Human capital has become the most valuable resource in our economy. Most successful organizations have woken up to the fact that taking care of their employees’ mental health at work is of the utmost importance. Unfortunately, most executives think that offering healthcare benefits to their employees is the most they can do in terms of ensuring a healthy workspace.
One in four adults every year experiences mental health issues, and depression causes employees to lose, on average, 27 workdays per year. When workers are not fit, the organization incurs heavy losses, yet healthcare conversations at work usually leave out mental health.
The consequences of mental health problems on the workspace are multiple. Affected employees use drugs or alcohol. They are absent from work. They are not productive or engaged. They are stressed and burned out. They quit their job. Sometimes, unfortunately, they commit suicide.
Companies that promote a healthy workplace and protect workers mental health are among the most successful. They have better rates of employee engagement and retention. Developing a healthy workplace is vital for ensuring productivity and sustainability in a company.
Entrepreneurs and executives should make sure their employees have good mental health for economic reasons, if not for ethical ones. Employees in a healthy workspace have better performance, engagement, retention, well-being, and happiness levels.
A healthy workplace is one where everyone, from the rank-and-file employees to the executives, collaborates continuously to protect and promote the health of all workers and the sustainability of the workplace.
Here are some changes that you can make right now in your organization to ensure everyone’s well-being.
1. Establish a good work organization
Some organizational risk factors that cause mental health issues are:
- demanding work,
- lack of support from the managers,
- poor communication around the company and individual goals,
- lack of job clarity,
- time pressure,
- lack of rewards or recognition.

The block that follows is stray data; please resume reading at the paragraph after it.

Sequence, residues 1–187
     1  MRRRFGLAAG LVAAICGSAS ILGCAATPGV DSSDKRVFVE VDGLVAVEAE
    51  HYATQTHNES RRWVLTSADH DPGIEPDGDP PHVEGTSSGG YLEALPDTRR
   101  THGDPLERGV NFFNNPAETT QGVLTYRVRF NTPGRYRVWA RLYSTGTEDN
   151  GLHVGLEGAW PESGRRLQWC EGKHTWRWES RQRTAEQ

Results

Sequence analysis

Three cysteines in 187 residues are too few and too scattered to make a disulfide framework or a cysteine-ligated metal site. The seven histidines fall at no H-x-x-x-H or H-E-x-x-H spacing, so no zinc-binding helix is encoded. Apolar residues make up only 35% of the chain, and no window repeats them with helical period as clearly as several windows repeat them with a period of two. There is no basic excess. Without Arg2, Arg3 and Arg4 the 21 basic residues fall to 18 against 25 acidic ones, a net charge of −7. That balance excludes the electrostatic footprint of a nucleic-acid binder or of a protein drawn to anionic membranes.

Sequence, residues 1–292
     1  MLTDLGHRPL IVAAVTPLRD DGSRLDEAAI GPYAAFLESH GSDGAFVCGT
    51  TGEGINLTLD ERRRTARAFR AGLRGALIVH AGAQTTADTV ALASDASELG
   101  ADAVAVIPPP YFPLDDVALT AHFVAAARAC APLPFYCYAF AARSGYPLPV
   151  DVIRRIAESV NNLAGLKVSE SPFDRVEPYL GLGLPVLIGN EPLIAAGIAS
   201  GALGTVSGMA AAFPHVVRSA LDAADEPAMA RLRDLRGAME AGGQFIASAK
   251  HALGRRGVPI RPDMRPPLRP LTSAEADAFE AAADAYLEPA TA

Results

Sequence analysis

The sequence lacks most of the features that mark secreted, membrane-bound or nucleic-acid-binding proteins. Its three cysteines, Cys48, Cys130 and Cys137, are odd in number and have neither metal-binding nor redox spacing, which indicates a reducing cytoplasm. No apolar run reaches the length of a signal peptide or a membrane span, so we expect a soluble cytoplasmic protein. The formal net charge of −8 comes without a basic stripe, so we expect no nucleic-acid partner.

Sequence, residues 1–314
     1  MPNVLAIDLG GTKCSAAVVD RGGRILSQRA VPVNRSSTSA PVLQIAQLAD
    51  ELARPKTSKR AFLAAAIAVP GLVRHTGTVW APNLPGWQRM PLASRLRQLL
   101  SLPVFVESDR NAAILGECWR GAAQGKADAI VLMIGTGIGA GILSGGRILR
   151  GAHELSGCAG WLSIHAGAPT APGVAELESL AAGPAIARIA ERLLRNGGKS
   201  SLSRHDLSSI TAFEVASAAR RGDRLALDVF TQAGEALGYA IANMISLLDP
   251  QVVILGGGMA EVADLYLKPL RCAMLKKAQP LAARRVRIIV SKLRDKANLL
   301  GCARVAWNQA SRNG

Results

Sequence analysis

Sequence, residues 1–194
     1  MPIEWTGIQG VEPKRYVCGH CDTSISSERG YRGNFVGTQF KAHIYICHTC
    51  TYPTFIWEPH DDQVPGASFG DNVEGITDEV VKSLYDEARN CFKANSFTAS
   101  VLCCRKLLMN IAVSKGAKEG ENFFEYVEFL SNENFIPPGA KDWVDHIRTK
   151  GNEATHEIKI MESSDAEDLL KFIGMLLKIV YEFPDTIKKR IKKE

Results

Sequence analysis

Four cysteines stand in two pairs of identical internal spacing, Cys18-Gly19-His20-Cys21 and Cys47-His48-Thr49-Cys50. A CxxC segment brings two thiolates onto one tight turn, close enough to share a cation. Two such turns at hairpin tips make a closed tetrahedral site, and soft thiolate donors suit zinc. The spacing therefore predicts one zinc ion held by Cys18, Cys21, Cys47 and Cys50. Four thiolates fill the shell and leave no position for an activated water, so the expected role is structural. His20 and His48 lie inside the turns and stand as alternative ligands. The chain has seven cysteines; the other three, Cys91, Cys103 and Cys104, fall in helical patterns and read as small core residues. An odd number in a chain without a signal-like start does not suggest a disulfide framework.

If an employee is working on mentally exhausting tasks, they need to have the right organization in place to look out for their mental health. Managers should be adequately trained to support employees in their work and ensure functional interactions.
Employees should be adequately trained to carry out their tasks so that they don’t feel helpless. The company should implement excellent career development programs. Finally, employees should be recognized and adequately rewarded for their contributions.
Setting clear goals and ensuring everyone in the organization is aligned to them, and has the means to accomplish their part, usually goes a long way.
A good organization based on an effective goal setting system gives employees the flexibility to deal with work-life and health situations. It allows flexibility in the location and timing of work, as long as they reach the business goals.
2. Develop a company culture that rewards healthy behaviors
Rewarding some behavior reinforces it. A company culture that rewards output without promoting the well-being of the employees will encourage people to develop unhealthy behaviors at the workplace.
A good example is the aggressive company culture at Uber, under CEO Travis Kanalick. It allowed the company to expand very quickly in cities worldwide, at the cost of workers’ health and dignity. That culture promoted the harassment, bullying, and discrimination, which are commonly recognized causes of mental health issues.
A company culture that sets high standards of behavior by rewarding people who demonstrate them will develop a healthy workspace. Policies and processes should be implemented for proper recognition and reward of employees who adhere to these values, to encourage them to do more and inspire others.
3. Encourage constructive two-way communication
One key to successfully promoting mental health at work is to involve employees at all levels. They should be deeply engaged in improvements you’re making to your organization processes and monitoring the effectiveness of these changes.